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When “Hot Tub Time Machine” came out almost five years ago, it took a whacky concept of four friends whisked back in time during a getaway to the 80s giving them a chance to fix aspects of their lives they wished they had done differently.

The outrageous and bawdy humor as well as strong performances from John Cusack and Crispin Glover made the film a cult hit that earned over $64 million worldwide and did well on DVD sales as well.

Naturally a sequel was planned and when I first heard it was looking to be a direct to DVD sequel sans Cusack, I had an idea that the film may be little more than an effort to cash in on the success of the first film without offering much to the continued story of the characters.

I was encouraged by the early trailers for the sequel and as such went into the screener with better expectations than I had originally had when I first heard of the projects.

The film explains that “John Cusack’s character is off on adventure of self-discovery as the friends have all become wealthy and famous after the events of the first film. Lou (Rob Corddry) has milked Motley Crue and his knowledge of pending tech to establish himself as a major player, Nick (Craig Robinson) has cashed in on a recording career by covering famous songs from his day before they were ever released and Jacob (Clark Duke) is stuck playing Butler to his father Lou.

Lou has become an example of an ego run wild and during one of his lavish parties; he is shot and left near death. In a move of desperation, Nick and Jacob whisk Lou into the Hot Tub and attempt to go back in time to stop the shooting.

Things do not go as planned as the trio end up 15 years into the future and must find a way to put things right and get home.

One would think that this premise would be able to produce some funny moments, but sadly the film is painfully slow and plodding and most shocking of all, very, very unfunny. The film tries to get some crude laughs from a gameshow of the future and a homicidal Smart Car but the film just wanders from situation to situation looking for laughs and does not setup or execute them properly.

There is a montage scene at the end of the film which sadly is the best part and shows what could have been a much better sequel with the group going through time taking the place of famous individuals and interacting with them.

As it stands, “Hot Tub Time Machine 2”, is a trip you do not want to make.

1.5 stars out of 5

 

Second Review By Sasha Glenn

 

Sometimes titles tell us everything we need to know about a film when deciding whether or not to go see it. This is one of those times. The implication of hilarity topped with a generous sprinkle of cheesiness is all in the name of this movie. But that’s not all the title implies. It also implies something creative, and something less often explored in Hollywood – time travel.

The first “Hot Tub Time Machine” was a unique and hilarious idea. It followed the guys as they travelled back to the 80’s via a time machine that is, yes, a hot tub. They encountered everything that was outrageous about that time and place in their lives. Personally, I found it highly entertaining.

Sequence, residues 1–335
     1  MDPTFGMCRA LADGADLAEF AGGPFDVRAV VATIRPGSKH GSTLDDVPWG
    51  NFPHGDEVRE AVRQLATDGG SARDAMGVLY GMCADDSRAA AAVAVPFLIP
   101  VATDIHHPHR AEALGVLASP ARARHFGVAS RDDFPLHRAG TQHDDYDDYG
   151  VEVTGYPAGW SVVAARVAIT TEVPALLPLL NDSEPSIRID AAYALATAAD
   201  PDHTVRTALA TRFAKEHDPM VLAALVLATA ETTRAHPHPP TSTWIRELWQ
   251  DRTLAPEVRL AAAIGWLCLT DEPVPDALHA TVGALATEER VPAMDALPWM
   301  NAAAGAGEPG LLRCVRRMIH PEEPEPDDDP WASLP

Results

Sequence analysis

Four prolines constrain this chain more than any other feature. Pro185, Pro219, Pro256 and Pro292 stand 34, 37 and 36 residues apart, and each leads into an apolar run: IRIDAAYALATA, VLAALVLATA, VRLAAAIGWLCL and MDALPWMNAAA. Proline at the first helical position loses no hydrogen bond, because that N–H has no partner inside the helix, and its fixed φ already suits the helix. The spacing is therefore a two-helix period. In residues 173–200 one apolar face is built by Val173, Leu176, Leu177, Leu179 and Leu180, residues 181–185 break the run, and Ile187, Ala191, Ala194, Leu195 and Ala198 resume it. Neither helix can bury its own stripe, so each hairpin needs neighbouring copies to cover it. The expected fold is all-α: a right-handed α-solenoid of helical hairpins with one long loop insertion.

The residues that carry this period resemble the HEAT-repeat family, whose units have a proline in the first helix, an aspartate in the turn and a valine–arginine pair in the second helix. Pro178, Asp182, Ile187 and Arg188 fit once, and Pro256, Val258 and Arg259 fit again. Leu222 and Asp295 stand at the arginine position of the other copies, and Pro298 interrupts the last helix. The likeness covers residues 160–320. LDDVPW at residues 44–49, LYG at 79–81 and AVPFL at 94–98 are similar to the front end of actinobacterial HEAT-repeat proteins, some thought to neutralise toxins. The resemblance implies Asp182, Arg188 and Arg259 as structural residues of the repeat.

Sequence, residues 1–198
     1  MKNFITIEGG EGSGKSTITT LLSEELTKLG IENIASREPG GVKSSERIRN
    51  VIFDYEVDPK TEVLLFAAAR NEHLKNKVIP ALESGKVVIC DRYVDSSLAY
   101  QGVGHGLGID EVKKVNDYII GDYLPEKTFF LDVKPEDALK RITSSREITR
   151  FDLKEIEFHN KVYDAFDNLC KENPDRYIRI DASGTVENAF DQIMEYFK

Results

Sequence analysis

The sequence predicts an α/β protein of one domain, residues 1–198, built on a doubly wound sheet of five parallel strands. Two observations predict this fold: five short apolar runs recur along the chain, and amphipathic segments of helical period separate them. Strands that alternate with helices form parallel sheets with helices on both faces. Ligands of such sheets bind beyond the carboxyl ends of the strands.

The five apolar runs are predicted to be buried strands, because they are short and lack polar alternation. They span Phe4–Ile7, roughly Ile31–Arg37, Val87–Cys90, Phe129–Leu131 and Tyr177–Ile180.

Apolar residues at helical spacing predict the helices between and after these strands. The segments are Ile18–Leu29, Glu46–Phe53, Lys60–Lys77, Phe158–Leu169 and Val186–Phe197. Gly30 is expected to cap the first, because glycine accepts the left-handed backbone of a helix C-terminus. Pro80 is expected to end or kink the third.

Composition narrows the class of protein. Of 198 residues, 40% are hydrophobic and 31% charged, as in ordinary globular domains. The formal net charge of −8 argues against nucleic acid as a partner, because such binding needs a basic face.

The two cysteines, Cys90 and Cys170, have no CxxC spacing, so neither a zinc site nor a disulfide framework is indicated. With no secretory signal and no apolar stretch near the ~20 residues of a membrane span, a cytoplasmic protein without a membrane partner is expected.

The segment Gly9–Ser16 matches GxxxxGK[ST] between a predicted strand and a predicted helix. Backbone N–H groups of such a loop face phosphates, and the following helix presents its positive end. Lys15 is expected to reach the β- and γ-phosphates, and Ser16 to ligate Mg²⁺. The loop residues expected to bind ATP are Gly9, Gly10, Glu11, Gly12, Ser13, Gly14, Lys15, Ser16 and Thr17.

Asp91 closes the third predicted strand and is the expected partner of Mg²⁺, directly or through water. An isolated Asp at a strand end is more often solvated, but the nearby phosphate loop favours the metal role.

The sequel, “Hot Tub Time Machine 2,” follows a cohesive story line from the first film while at the same time it is not a repeat of the same humorous moments. The “Hangover” movies are an example of a series that disappointed viewers who enjoyed the first film, because they felt too much like repeats of the same basic scenario. This film does not commit that grave error.

This time, the guys are headed into the future. But it doesn’t just take the same group of actors and plop them into the future. The film is very creative in that it explores a future scenario that was determined based on the events of the first travels the guys took. Their effect on the timeline was imminent and is carried through.

Both Lou (Rob Corddry) and Nick(Craig Robinson) used their trip to the past to leverage their success in the future. At the end of the first film the audience was left knowing that Lou had stolen many tech ideas, including Google by turning it into Lougle. Nick had started to steal song ideas that hadn’t come out yet. These themes remain intact and become a central part of the plot in the sequel.

The only one missing from the cast is John Cusack, who had played Adam. His mysterious lack of appearance is acknowledged throughout the film. Strangely enough, however, viewers may not really miss his character at all.

As a science lover, an element I found enjoyable was the inclusion of nanobots in the plotline. Nanobots are a real technology that is currently being developed to deliver drugs and attack targeted cells in the body. They are used in the movie in a scene to treat drug over dose. It was a creative and smart decision to include something which seems “space age,” yet may actually be showing up in the near future.

Filled with drugs, sex, and a bit of violence, the humor is uncomfortably funny and crude.

Viewers who enjoyed the first film will surely enjoy the sequel. That is not to say it is necessary to watch the first film to enjoy this one. The backstory is explained enough that the movie will still be hilarious and understandable for anyone who enjoys this type of comedy.

Like the first film, “Hot Tub Time Machine 2” is filled with preposterous moments that make the movie watchable more than once.

I found the first “Hot Tub Time Machine” a bit funnier than the second, maybe due to the incorporation of 80s pop culture which is always hilarious. I give “Hot Tube Time Machine 2” 3.5 out of 5 stars.

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